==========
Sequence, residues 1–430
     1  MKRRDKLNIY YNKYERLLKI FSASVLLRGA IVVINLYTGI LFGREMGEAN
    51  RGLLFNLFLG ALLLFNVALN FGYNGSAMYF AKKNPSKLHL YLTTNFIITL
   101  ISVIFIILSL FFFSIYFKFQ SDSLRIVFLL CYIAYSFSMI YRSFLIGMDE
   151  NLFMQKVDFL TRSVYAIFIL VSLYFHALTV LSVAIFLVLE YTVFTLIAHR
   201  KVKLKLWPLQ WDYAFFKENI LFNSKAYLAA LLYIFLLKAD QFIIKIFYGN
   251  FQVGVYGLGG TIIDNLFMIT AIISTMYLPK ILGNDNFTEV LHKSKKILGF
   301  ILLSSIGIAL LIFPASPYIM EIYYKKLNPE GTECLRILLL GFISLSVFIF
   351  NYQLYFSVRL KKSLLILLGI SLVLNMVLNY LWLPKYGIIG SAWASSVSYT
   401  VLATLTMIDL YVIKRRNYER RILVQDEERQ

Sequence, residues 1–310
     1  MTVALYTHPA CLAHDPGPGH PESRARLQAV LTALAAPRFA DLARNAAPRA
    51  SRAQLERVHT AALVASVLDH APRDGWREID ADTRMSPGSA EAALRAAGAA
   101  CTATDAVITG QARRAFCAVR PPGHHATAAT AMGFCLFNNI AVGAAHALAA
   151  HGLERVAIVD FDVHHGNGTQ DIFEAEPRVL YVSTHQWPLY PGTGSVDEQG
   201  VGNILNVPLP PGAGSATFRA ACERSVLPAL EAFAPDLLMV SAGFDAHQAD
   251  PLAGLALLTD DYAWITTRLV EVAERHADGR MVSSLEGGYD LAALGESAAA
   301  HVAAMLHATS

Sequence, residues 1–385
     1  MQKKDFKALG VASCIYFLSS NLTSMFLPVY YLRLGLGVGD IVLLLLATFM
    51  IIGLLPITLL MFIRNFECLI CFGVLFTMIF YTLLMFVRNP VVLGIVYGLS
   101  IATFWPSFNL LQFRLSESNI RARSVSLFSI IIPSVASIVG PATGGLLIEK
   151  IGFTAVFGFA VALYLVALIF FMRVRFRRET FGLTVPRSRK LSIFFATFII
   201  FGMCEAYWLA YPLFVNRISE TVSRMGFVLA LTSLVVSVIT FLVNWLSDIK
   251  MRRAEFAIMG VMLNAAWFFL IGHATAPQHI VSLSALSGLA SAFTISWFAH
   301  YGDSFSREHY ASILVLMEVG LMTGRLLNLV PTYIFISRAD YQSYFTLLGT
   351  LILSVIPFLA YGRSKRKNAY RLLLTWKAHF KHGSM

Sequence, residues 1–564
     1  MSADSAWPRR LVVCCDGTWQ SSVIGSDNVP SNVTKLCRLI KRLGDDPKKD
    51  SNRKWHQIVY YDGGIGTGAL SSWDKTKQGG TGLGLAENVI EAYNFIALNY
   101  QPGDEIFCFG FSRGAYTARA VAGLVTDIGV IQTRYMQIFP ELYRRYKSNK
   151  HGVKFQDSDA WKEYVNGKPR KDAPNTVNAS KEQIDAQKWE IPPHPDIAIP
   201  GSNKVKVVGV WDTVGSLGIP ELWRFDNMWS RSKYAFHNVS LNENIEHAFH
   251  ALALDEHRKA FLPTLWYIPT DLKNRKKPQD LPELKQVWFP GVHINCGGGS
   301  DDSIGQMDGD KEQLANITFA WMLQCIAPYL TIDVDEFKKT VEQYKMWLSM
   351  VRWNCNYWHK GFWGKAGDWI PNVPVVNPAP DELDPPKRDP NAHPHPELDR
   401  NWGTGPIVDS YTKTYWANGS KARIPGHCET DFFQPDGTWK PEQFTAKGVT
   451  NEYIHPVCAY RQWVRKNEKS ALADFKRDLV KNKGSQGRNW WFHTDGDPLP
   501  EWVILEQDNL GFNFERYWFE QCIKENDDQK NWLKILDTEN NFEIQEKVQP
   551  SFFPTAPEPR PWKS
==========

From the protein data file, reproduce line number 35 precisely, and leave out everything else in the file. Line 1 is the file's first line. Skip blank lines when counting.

   301  DDSIGQMDGD KEQLANITFA WMLQCIAPYL TIDVDEFKKT VEQYKMWLSM